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Challenging ST segments in an adolescent with chest pain

A 16 years old black male presents to the pediatric emergency department with chest pain. He frequently plays soccer and goes to the gym. No complaints on exercise, no history of syncope, no family history of cardiovascular disease. Chest pain on the left hemithorax, radiating to the left arm. Onset 2 hours ago. No history of injury. Regular breathing, no nausea or vomiting.

The ECG recorded at the emergency ward showed the following:

Due to ST elevations in the inferior leads and chest leads he was admitted and presented to the on-call pediatric cardiologist.

Echocardiography was normal. Lab values showed normative values for myocardial enzymes, slightly elevated creatine kinase (CK), and no signs of infection/inflammation.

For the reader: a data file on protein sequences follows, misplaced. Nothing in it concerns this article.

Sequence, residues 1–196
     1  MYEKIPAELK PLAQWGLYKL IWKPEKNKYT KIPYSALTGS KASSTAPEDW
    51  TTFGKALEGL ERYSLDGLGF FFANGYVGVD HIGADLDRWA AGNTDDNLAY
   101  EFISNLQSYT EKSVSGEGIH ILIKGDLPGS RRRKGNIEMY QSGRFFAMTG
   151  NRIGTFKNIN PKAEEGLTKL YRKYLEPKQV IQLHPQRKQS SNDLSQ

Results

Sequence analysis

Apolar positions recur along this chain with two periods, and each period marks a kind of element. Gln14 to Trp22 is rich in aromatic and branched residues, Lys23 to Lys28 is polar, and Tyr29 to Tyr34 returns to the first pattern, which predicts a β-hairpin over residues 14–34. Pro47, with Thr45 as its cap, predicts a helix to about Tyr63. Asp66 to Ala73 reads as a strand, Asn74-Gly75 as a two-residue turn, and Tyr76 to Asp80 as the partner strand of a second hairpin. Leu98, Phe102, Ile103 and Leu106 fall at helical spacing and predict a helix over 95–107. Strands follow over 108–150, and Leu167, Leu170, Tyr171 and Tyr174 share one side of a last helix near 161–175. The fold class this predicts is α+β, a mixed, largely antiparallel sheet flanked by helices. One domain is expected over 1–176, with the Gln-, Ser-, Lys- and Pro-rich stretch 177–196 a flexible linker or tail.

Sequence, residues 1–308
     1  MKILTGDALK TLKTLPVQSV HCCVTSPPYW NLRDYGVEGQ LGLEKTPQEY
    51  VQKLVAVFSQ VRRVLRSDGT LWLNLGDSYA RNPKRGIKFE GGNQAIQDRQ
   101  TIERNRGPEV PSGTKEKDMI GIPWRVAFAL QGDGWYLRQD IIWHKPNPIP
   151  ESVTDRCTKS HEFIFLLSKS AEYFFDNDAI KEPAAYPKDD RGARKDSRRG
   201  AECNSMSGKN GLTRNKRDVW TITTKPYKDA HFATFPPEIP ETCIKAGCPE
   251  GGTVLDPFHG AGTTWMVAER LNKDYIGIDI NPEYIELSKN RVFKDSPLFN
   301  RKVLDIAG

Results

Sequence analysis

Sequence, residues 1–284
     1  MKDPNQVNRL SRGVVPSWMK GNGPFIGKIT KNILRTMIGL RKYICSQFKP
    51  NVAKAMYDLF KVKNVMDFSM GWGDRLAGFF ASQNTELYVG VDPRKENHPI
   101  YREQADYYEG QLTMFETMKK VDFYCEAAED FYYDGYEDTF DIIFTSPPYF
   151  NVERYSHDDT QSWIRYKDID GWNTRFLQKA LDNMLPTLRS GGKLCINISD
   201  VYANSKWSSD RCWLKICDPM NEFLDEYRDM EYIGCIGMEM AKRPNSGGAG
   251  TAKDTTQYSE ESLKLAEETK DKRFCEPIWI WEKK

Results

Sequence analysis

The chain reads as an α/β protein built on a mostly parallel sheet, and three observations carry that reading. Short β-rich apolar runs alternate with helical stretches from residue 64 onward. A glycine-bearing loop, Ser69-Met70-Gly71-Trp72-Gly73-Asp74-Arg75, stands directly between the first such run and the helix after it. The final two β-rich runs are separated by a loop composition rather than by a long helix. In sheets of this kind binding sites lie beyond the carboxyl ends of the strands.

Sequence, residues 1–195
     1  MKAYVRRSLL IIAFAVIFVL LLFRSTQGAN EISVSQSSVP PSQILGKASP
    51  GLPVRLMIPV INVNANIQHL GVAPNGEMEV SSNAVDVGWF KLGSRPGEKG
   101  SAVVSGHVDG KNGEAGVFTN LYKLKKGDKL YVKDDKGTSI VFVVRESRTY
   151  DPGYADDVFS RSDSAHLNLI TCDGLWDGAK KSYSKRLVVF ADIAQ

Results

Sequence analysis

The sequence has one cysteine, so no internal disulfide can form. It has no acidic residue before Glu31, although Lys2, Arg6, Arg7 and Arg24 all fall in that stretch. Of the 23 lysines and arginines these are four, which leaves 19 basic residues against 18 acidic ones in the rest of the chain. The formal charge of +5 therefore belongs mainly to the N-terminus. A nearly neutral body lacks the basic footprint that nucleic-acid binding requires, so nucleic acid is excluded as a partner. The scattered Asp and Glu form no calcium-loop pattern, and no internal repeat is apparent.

Physical exam revealed localized chest pain triggered by physical pressure on the 4th & 5th rib. Thus, no cardiac cath was ordered. Symptoms resolved by pain medication. Patient was discharged.

Reviewing the ECG, this is typical "benign early repolarization" (BER) pattern in a young athletic male. BER is considered to appear in up to 80% of african-american adolescent males, and is considered a benign normal variant not requiring therapy.

Criteria for BER include the following:

- Widespread concave ST elevation, most prominent in V2-V5

- Notching or slurring at the J point

- Prominent, slightly asymmetrical T waves, concordant with the QRS complex

- ST elevation/T wave height ratio in V6 < 0.25

- No reciprocal ST depression to suggest Occlusion Myocardial Infarction (OMI)

- "Fish hook" sign usually present in V4 (notching of the J point)

More information on BER and several ECG examples can be found at

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